The global transition from fossil fuel-powered vehicles to electric vehicles (EVs) will require the production of hundreds of millions of batteries. The general public and critics alike have raised questions about the sustainability of the battery supply chain, from mining impacts to vehicle carbon emissions. This brief provides basic information on the EV battery supply chain and key battery minerals, such as cobalt and lithium.
The Tanzanian government and a consortium of companies are negotiating the regulatory terms for a game-changing LNG project. In this brief, the authors update a previous analysis of some of the key decisions that will be made in the negotiation and their potential impact on whether the project proceeds and the levels of revenues that it could generate for the government.
There is a reasonable chance that foreign investment in the LNG project will not happen under current conditions. If the project does proceed, the government revenues it generates are unlikely to be transformative.
La République démocratique du Congo a promulgué le code minier révisé le 9 mars 2018 et son règlement minier le 8 juin 2018. Ce nouveau cadre législatif contient plusieurs avancées et innovations qui, adéquatement appliquées, peuvent significativement améliorer la gouvernance du secteur minier et apporter d’importantes retombées économiques et sociales aux citoyens.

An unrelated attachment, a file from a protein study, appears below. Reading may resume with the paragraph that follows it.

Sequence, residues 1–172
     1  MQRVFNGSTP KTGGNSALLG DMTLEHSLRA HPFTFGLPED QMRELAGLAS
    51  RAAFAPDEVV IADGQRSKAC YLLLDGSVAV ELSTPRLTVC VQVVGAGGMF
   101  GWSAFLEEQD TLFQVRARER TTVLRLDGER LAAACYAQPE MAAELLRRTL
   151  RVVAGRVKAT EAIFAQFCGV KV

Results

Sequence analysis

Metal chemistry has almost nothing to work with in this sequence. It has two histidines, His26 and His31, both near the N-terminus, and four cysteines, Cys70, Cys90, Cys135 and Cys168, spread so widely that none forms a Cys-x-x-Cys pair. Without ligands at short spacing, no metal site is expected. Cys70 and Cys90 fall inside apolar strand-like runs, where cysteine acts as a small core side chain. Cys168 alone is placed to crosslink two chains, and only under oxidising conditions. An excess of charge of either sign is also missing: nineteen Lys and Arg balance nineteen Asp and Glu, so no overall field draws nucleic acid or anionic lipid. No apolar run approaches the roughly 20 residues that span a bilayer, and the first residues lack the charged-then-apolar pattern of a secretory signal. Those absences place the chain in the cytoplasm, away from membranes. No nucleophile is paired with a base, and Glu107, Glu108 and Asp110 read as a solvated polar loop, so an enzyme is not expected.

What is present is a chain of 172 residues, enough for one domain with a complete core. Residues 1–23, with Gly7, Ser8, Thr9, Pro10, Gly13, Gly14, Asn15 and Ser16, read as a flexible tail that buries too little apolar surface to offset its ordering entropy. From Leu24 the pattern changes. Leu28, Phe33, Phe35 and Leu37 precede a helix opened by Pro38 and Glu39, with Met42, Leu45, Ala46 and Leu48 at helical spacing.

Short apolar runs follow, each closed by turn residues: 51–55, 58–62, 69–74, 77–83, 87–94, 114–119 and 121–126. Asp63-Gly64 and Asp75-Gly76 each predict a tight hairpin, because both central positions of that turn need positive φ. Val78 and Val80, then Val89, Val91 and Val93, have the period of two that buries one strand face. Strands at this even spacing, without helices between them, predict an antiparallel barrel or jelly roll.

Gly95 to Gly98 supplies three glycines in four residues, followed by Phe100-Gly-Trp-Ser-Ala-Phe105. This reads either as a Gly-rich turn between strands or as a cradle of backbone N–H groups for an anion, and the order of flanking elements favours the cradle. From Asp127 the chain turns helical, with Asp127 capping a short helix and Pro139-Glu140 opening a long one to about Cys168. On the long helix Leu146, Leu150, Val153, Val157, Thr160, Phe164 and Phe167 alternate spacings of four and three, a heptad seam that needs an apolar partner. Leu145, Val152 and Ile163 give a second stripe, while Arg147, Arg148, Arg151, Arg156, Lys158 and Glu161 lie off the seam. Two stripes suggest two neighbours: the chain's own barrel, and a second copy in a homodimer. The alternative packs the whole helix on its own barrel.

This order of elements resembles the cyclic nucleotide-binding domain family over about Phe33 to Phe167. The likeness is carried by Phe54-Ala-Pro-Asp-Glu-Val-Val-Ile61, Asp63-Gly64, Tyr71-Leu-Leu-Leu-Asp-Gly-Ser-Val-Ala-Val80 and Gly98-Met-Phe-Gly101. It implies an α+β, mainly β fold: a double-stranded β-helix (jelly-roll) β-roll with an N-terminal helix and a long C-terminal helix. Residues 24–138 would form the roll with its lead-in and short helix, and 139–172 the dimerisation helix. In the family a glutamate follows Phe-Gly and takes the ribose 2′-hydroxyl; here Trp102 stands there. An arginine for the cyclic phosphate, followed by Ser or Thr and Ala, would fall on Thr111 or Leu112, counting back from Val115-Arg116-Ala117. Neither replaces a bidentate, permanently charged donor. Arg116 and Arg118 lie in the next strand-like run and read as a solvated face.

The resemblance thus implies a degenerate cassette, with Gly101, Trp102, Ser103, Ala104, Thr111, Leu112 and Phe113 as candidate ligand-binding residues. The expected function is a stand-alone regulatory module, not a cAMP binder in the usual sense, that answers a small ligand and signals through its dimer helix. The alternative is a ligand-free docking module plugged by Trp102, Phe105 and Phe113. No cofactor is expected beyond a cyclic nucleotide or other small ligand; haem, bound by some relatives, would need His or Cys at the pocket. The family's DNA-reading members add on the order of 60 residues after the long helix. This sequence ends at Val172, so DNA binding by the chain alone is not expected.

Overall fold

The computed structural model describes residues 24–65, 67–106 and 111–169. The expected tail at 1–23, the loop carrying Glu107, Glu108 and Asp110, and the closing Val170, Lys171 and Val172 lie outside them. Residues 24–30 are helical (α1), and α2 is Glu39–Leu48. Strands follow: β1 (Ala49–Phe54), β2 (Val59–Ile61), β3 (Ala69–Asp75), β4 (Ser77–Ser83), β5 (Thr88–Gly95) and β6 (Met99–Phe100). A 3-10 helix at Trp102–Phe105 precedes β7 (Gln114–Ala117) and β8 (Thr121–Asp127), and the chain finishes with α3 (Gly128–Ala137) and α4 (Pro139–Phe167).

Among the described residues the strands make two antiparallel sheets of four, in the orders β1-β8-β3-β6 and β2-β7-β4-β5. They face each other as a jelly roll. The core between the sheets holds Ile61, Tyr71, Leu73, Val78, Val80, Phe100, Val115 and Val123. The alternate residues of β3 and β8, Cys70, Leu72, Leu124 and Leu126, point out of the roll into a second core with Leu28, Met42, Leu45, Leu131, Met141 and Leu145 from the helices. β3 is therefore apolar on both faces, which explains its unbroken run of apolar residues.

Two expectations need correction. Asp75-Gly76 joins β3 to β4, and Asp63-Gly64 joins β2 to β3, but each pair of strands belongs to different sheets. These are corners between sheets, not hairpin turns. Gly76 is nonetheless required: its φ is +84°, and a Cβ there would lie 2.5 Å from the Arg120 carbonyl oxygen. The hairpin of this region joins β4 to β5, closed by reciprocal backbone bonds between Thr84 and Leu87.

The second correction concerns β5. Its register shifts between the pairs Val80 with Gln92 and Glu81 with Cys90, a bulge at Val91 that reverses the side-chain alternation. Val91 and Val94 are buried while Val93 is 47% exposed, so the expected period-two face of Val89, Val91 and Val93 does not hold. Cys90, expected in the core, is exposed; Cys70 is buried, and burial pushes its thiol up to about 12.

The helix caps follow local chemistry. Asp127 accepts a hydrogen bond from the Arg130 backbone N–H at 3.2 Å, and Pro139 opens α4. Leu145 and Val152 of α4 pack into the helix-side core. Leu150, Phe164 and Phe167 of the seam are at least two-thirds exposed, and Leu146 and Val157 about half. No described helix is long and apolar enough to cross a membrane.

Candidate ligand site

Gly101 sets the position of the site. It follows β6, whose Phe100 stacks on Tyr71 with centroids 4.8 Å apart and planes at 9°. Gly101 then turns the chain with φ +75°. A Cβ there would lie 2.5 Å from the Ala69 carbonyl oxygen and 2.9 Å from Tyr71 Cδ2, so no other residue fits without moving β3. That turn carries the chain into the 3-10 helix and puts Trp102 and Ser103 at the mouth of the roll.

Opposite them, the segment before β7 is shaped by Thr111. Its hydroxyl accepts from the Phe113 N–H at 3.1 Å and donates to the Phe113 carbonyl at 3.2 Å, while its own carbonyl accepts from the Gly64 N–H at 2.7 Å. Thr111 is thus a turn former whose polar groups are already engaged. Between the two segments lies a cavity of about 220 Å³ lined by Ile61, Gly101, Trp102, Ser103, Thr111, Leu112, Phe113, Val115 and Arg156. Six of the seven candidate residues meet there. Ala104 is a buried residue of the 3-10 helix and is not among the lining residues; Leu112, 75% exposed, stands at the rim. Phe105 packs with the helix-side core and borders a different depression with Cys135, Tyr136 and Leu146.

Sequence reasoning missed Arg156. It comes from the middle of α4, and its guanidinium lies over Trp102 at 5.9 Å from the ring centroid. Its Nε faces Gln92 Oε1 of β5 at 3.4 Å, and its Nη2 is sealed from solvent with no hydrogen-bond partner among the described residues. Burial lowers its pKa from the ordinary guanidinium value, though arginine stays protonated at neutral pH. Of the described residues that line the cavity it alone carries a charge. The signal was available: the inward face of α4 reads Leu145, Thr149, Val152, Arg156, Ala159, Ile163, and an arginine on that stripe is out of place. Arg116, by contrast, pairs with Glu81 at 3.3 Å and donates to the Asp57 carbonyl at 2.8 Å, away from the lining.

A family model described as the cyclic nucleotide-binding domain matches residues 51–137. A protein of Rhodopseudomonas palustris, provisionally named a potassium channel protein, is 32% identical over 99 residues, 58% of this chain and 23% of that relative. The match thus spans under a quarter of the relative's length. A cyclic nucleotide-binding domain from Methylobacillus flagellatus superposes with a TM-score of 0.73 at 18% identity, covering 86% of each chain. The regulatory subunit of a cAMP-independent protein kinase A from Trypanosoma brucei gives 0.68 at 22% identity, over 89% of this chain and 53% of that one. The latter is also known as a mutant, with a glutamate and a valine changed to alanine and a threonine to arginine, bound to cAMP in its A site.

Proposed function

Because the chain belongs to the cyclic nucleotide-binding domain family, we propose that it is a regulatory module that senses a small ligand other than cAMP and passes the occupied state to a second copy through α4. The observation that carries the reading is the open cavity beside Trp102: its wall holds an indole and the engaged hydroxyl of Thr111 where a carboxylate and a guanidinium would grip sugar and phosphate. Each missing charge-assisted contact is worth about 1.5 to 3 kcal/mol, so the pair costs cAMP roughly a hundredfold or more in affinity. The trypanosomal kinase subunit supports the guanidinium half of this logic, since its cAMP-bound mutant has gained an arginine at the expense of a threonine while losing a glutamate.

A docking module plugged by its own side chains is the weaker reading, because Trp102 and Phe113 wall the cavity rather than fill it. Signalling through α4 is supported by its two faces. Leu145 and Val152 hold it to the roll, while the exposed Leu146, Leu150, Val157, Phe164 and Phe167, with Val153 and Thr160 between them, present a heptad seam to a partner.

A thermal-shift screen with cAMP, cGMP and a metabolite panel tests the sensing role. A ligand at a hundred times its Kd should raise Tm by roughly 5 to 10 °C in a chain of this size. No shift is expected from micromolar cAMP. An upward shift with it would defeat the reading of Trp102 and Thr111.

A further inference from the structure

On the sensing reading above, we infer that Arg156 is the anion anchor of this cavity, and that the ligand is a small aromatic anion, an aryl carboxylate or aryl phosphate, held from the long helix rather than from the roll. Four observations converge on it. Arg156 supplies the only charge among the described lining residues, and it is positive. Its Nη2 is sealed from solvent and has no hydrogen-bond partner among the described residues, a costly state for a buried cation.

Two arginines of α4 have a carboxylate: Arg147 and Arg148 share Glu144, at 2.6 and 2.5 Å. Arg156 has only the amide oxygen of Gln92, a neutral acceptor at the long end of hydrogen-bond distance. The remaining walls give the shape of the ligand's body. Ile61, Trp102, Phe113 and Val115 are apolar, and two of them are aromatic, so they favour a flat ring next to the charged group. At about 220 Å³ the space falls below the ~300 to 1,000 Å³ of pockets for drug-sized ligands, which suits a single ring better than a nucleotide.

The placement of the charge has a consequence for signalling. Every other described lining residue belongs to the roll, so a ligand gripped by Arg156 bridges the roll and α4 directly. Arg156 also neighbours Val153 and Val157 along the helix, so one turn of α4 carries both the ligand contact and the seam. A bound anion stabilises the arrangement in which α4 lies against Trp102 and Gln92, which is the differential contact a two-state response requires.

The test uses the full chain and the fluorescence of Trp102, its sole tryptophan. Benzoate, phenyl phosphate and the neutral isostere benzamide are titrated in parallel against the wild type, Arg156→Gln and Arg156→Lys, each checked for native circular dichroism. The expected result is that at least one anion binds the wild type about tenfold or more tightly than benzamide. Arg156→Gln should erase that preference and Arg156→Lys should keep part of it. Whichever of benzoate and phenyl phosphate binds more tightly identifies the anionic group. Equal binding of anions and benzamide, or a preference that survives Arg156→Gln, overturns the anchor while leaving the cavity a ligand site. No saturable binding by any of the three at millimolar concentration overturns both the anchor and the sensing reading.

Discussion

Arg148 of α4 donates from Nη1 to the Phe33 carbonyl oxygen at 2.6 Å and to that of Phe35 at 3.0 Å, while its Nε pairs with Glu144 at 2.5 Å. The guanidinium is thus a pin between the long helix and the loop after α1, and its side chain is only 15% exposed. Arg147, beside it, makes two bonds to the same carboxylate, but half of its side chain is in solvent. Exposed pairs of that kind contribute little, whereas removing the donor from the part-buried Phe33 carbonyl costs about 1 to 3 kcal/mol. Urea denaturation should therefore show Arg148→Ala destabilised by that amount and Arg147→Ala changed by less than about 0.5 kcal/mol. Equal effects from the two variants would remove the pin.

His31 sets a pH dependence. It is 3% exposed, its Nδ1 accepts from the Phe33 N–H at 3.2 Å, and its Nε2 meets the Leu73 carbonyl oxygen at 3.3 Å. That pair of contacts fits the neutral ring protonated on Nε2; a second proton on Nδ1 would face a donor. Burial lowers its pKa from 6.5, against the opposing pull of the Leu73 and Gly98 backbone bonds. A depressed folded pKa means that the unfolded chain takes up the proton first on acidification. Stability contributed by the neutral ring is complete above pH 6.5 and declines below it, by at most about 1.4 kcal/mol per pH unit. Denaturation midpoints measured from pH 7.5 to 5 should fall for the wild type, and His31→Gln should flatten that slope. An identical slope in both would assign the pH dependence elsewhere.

En 2016, les revenus miniers reversés aux communes étaient de 61 milliards de GNF (6,7 millions d’USD), soit 2% des revenus issus du secteur extractif et 0,5% du budget national de la Guinée ; ils pourraient dépasser les 400 milliards de GNF annuels à partir de 2020.
Contract disclosure in oil, gas and mining is rapidly becoming standard practice around the world, but in Myanmar, there has been little progress on contract transparency. The government now has an important opportunity to overhaul disclosure requirements and ensure Myanmar keeps pace with a growing global trend.
This report explores common resource governance successes and challenges in sub-Saharan Africa. The authors conclude that policymakers, parliamentarians, civil society, media and regional institutions must focus on narrowing the implementation gap between extractive sector laws and actual practice, which will help to restore trust between government, communities and investors and thus strengthen sustainable management of natural resources.
This briefing explains why the Mongolian government should publish natural resource contracts, describes the different contracts that exist in Mongolia’s extractive sector that should be disclosed, and suggests a path for making natural resource contract transparency a reality.